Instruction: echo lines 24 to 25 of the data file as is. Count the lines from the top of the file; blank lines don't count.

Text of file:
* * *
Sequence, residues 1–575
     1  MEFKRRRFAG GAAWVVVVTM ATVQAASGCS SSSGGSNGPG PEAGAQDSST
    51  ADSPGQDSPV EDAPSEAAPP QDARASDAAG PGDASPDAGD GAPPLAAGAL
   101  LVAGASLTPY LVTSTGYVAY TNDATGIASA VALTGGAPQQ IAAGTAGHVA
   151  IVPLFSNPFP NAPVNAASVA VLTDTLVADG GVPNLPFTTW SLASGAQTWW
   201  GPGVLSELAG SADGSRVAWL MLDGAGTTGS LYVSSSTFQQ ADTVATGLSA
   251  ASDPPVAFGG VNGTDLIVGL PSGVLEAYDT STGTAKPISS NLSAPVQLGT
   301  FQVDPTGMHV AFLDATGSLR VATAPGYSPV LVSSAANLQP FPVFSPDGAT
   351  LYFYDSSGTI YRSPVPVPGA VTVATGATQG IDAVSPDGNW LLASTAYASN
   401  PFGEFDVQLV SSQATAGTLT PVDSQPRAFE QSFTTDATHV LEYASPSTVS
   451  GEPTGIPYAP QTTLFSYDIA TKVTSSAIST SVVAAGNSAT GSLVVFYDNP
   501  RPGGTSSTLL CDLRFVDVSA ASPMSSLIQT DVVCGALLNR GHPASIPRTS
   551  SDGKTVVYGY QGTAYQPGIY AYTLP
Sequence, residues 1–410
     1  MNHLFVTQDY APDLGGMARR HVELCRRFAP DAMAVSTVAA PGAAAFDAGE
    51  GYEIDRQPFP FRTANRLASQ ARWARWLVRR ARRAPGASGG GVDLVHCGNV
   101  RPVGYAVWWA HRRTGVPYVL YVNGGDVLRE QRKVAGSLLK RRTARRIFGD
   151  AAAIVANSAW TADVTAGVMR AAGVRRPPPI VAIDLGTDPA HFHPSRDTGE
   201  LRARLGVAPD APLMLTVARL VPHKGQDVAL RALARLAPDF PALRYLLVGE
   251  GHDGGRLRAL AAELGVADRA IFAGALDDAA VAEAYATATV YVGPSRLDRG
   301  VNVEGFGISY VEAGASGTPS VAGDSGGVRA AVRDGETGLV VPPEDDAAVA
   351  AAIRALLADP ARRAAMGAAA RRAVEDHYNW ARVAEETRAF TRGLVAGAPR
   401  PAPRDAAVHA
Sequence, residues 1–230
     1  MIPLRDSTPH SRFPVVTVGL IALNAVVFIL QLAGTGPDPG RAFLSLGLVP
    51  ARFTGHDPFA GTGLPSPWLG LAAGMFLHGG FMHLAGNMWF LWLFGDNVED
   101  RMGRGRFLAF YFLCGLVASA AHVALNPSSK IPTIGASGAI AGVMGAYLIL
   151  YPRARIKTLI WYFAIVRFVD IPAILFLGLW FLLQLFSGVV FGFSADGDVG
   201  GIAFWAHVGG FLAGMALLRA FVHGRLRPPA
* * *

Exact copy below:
Sequence, residues 1–230
     1  MIPLRDSTPH SRFPVVTVGL IALNAVVFIL QLAGTGPDPG RAFLSLGLVP